For me the centre piece of the album has to be 'Anahata', which is another wonderfully calming piano based piece.  This one seems to have the possibility of reaching a greater potential then is allowed by the constraints of this album.  The background keyboard arrangements work beautifully against the main piano themes, and I could well imagine a more fully orchestrated version of this track working very well indeed.

'Vishuddi' has a very much more lazy, mellow mood and the spotlight falls upon the string section effects from the keyboards.  In the more melancholic 'Ajna' it is initially the sound of panpipes that carries the listener along.  Later in the piece, this light tone is slowly replaced with a deeper, richer sound that rolls gently along, creating a real feeling of inner calm, heightened by the rejoinder of the panpipes in the closing moments.

The last track 'Sahasrara' is another fairly soft and subdued piece, and while it may not contain any particularly noteworthy features it does bring matters to a very pleasant conclusion.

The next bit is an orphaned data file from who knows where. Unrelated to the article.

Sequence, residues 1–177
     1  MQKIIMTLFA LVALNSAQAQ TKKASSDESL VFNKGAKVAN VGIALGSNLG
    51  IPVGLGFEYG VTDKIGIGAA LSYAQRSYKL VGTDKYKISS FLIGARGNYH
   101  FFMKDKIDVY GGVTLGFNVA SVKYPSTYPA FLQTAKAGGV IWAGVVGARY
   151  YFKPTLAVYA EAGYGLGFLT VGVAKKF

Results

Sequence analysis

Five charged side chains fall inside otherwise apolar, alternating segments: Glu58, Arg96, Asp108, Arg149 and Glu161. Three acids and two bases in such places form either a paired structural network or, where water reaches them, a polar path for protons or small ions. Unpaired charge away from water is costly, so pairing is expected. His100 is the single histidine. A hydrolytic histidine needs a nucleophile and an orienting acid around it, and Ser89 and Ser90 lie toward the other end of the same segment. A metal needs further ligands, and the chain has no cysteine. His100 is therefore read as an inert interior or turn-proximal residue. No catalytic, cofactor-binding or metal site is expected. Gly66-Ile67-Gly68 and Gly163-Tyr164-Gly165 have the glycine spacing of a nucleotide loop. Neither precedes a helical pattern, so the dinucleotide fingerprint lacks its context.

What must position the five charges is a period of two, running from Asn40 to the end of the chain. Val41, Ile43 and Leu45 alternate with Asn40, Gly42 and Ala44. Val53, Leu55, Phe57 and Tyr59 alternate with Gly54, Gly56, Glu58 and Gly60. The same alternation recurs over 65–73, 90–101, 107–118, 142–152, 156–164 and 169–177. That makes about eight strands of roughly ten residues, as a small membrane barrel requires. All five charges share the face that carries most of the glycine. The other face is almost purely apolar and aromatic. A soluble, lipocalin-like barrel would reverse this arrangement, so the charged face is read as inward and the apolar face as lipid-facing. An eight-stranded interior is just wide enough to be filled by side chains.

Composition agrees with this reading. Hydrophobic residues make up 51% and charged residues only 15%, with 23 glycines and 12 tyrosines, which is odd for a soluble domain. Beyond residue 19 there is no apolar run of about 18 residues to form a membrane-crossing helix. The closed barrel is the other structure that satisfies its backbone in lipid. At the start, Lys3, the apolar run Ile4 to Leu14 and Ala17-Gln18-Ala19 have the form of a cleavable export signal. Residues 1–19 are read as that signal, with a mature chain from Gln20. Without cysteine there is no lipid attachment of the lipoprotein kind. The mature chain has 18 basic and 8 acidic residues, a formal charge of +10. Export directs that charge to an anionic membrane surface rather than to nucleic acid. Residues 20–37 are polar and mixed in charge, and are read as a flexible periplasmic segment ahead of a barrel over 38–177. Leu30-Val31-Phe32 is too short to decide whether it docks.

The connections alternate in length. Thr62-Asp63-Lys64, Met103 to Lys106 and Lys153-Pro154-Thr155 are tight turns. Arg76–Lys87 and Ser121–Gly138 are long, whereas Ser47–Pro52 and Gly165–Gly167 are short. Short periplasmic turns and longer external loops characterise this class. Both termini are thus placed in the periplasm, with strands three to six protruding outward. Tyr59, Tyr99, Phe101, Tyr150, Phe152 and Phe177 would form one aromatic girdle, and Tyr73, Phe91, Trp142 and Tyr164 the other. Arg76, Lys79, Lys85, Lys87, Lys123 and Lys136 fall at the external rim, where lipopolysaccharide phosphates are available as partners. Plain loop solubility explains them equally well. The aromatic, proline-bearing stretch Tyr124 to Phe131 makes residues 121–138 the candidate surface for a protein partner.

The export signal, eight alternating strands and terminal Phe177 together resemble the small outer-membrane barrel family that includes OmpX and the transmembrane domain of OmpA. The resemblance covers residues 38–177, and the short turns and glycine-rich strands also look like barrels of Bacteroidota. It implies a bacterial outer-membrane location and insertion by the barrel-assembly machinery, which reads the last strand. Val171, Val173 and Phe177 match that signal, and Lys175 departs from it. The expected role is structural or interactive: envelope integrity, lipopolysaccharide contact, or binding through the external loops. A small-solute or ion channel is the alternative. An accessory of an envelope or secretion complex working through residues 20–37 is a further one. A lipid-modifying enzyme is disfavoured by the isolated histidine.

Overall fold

Time to move on briefly to more mundane matters - the CD is packaged in the ever more widely used digipack format, and comes with a fairly plain multi lingual booklet that gives a bit more background information into the spiritual concepts that underlie the album.  For those interested in such things, the credits, as mentioned previously, confirm Oliver as composer and performer, and also show that the CD was mastered by Rob Aubrey (whose name will be already be well known to our progressive rock readers) at the  Nomansland studio.

In summing up, whether you are a Wakeman fan or not is in all honesty of no consequence here, since this album is written in a style very different to Oliver's own more progressive outings.  What 'Chakras' does offer the listener is a well composed and well presented instrumental work, that fits neatly into the New Age category and if you enjoy reflective, meditative music, then this album is bound to please and I strongly recommend checking it out on this basis.

Simon   6th March 2002